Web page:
City Council Member and Steering Committee Chair Ray English used the term “flexible residential” to describe the Committee’s vision for residential areas. 

“The comprehensive plan survey indicated that residents want Oberlin to expand the quantity and diversity of housing,” he said. “Suggested housing types include things like tiny homes, accessory dwelling units, cluster homes, duplexes, and quadplexes. Our residential zoning focuses mainly on single-family homes and basically does not allow the diverse options that are being suggested by our community. That’s why we need more flexible residential zoning.”

Attendees gave specific suggestions on the future land use map, as well as feedback on the general ideas laid out in the framework. Date said that community input is essential to the process because city planners can never completely anticipate the particular interests of citizens.

“One of the things that came up — which is exactly what we want — is people pointing things out to us and saying, ‘Well, you know, that’s not really a conservation area there, that’s a farm field and it’s a good place to put housing,’ or … ‘This bikeway over here isn’t really a bikeway, it’s all gravel and it’d be great [if it] started to serve a real use in the community,’” Date said. “We got a lot of very concrete ideas from people.”

Economic development was also an important issue for citizens, according to Date and Porter. Date said that more economic development could potentially decrease the tax load on citizens.

“One of the other big concerns … is that taxes are very high, and taxes plus the higher cost of housing together is what is squeezing people out,” Date said. “So there is a wonderful understanding … amongst the folks we’ve been talking to about the connection between the need to have economic development and reducing taxes. … The more companies you have that are actively thriving in Oberlin [means] … those companies [and] those employees are paying income taxes to the city, which helps to reduce the need for resident income taxes.”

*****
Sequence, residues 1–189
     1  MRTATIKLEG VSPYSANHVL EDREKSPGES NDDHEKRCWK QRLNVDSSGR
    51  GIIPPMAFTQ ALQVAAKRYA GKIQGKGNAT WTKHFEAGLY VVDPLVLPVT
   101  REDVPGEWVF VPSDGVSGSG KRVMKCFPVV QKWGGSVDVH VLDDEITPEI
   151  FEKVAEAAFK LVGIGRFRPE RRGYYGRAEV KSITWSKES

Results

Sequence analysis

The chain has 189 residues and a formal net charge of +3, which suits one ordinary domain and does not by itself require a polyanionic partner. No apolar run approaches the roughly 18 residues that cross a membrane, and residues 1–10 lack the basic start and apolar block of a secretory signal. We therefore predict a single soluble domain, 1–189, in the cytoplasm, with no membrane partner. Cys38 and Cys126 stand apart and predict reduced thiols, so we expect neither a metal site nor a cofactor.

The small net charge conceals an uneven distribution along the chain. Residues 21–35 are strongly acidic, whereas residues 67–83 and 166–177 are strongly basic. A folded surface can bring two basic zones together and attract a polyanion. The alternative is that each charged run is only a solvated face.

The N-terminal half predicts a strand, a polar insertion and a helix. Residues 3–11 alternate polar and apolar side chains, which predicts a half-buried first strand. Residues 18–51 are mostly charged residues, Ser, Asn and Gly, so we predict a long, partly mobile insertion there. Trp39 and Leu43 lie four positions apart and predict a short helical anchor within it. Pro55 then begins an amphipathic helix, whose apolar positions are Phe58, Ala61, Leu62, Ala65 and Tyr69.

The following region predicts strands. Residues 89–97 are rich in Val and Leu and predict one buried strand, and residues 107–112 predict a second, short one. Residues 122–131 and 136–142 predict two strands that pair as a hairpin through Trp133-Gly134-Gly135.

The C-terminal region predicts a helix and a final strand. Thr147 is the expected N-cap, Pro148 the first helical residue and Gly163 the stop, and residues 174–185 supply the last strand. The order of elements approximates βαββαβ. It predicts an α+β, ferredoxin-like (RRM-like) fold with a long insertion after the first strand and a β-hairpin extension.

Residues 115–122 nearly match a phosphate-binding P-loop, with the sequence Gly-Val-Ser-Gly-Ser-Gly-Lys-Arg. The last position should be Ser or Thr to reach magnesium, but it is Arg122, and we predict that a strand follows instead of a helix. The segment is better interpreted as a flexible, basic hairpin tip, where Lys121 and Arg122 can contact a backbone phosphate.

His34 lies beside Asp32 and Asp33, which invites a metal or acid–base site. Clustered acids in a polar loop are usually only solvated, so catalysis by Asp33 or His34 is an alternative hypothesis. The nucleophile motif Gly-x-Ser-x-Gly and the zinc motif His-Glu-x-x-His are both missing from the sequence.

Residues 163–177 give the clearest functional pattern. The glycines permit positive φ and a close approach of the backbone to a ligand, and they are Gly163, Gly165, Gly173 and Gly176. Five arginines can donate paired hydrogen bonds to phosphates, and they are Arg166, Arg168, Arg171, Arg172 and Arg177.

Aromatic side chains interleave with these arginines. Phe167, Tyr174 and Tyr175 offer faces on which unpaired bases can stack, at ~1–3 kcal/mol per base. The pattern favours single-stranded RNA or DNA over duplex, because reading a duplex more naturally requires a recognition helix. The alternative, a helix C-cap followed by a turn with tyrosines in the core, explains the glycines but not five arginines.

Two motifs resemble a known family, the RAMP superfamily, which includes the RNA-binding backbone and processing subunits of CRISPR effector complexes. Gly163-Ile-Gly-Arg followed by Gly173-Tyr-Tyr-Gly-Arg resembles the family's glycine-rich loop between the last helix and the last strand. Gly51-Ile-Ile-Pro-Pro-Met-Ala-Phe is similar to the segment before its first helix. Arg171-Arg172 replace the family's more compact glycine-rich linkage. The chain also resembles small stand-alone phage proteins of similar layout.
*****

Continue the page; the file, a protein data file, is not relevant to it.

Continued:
Some of the business development will happen south of town along the State Route 58 corridor. The land use map proposes mixed-use commercial and residential development designed to give residents easy access to nearby businesses. 

“You see rural communities saying, ‘No more growth,’ ‘We don’t wanna change.’ ‘We don’t want anything new,’ ‘We don’t want new people here,’” Date said. “That’s not what we heard in Oberlin. We heard, ‘We want Oberlin to grow.’ We know that’s important for Oberlin’s sustainability. That’s a community that really is looking realistically at the future. There was a condition on that, though, which was, ‘We want to grow, we understand we need to grow, but we wanna do it right. We do not wanna sprawl, we do not want more highway commercial.We want more of what Oberlin is now.’”

The Steering Committee will use the feedback from the public input sessions to create a first draft of the Comprehensive Plan that will be presented to the Oberlin Planning Commission and City Council. City Council is scheduled to vote on approving the plan by the end of the year.

Citizens still have an opportunity to give their input through a survey on the Oberlin Comprehensive Plan Website.